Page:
Human Rights in Morocco
Morocco gained independence in 1956 and now works under a monarchy. Today, Morocco has a population of more than 36 million and is known to many to be a beautiful and vibrant country with a rich history. However, there is much about the social culture of this country that people do not know. Morocco has long had political and social turmoil due to the lack of ability for people to protest the government. Here are three facts about human rights in Morocco and what is being done to improve the situation.
3 Facts About Human Rights in Morocco
- Freedom of Expression – In 2016, Morocco implemented The Press and Publications Code to eliminate using prison sentences as a punishment for non-violent speech and issue fines instead. However, this has not been upheld by the country’s penal code. In fact, some cases have seen increased prison sentences after peaceful participation in demonstrations against the government. Morocco has to begin working to reduce punishments inflicted on those who wish to peacefully speak out, and prison sentences given to activists as well as the fines, equivalent to $2,000 for social media posts by activists, should be removed from the law to truly promote human rights in Morocco.
- Freedom of Assembly – After imprisoning various activists for their demonstrations against the government concerning its treatment of the environment, the Moroccan government began slowly tolerating more marches. While this was a significant step, most protests were still forcibly dispersed, regardless of their peaceful nature, and people have still been imprisoned. The Moroccan Constitution promotes freedom of association and assembly; however, when The Moroccan Association of Human Rights has tried to hold events, there have been many obstacles in their path. Freedom of assembly in Morocco must be allowed to progress in order for the country to progress.
- Women’s Rights – In 2004, The Family Code was created to improve women’s rights in various scenarios considering divorce, child custody rights and inheritance. Furthermore, the Moroccan Constitution in 2011 actually states equality for women, but this is not yet the case. There are still many advancements to be made considering the discriminatory laws against women in regards to sex outside marriage and rape. In these cases, it is more common for women to face repercussions than men.
- Domestic Workers – In October 2018, there will be a new law implemented to assist domestic workers. Human rights in Morocco are expanding to set the minimum age for working at 18. Not only will this limit the age but the number of hours worked in a week will also be limited and a minimum wage will be set. While this is a step in the right direction, with poverty rampant in certain parts of Morocco, there are many children, mostly girls, that, undoubtedly, will have to continue to work.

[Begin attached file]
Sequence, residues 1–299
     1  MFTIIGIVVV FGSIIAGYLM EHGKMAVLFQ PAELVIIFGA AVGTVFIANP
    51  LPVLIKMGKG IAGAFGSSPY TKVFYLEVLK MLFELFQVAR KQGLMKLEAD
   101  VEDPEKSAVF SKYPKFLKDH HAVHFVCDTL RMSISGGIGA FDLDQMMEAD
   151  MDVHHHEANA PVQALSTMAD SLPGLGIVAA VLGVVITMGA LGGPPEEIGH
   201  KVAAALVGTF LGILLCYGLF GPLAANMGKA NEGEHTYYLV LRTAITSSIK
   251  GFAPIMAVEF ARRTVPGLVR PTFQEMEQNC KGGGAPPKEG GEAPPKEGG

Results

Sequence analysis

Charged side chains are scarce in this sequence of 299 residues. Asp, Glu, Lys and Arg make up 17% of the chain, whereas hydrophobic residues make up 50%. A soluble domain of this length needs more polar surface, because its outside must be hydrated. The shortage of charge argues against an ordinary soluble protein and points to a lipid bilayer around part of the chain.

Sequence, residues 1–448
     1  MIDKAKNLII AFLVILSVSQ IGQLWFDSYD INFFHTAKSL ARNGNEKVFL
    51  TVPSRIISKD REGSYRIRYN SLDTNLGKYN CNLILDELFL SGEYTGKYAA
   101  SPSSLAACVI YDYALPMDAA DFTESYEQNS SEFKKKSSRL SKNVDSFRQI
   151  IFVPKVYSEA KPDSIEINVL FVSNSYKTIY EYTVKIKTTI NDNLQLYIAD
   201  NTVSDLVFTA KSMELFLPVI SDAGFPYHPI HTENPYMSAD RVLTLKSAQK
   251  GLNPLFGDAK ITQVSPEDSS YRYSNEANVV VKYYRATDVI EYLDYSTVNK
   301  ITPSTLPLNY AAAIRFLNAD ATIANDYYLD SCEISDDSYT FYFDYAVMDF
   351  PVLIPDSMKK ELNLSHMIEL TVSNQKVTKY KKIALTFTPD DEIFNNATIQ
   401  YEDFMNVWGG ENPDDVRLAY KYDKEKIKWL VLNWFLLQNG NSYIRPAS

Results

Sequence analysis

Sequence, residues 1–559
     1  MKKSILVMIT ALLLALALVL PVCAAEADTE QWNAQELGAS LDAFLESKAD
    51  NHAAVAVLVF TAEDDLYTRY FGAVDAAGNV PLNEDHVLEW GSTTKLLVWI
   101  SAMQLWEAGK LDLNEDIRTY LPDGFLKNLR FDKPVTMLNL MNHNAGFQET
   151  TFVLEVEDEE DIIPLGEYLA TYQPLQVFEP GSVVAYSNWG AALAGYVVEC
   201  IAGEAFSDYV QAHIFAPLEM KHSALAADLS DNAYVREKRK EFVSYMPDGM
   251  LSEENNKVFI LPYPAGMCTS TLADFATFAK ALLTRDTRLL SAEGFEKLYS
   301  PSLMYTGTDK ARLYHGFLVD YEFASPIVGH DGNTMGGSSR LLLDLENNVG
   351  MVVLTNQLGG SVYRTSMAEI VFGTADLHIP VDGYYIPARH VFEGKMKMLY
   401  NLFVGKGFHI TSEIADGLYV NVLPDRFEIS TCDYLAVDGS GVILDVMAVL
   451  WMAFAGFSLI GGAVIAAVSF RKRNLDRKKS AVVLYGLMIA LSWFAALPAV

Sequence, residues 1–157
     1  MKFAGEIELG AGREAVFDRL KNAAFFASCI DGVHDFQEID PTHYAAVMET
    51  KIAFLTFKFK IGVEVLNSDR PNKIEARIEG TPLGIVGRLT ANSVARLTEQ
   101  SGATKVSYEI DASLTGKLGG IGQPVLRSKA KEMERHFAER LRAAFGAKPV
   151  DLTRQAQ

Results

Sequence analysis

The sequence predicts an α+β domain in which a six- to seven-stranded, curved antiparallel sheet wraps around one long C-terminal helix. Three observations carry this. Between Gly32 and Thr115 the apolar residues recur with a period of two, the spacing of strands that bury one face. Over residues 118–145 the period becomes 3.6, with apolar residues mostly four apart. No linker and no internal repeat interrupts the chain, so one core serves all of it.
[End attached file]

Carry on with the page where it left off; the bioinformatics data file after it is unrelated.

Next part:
While there are many areas in which Morocco needs to work on their goals to implement stronger human rights policies, there are many organizations that are working every day to strengthen Moroccan people.
3 Organizations Working To Promote Human Rights in Morocco
- National Human Rights Council (CNDH) – The National Human Rights Council is an organization that focuses on ending human rights violations by addressing and assuring freedoms in Morocco. Violations are monitored and investigations are conducted to deter future violations. Not only does the council have the power to investigate current issues but they also have the ability to inspect prisons and assure that conditions are satisfactory. As an organization, they have reported on issues such as gender equality, violence and reform.
- Moroccan Truth and Reconciliation Commission – Established in 2004, this commission has seventeen members and spends its efforts on reconciling past violations conducted in the Arab world. They assess the settlements needed for cases against human rights. Violations are graded and the victims are to be compensated adequately, depending on the severity of the violation.
- Women’s Rights and Gender Equality – While women’s rights in certain portions of the developing world have often been overlooked, in Morocco, they have become a lead focus for the government. The idea has been to change how women’s roles are viewed in society. The Moroccan government has been somewhat successful, which is demonstrably shown by the fact that 21 percent of women now hold office in The House of Representatives.
Morocco has undergone a significant transition in the recent years making human rights a forefront focus. There has been a transition. While there is much still to be done, Morocco has made changes that should and will improve its future.
– Kayleigh Mattoon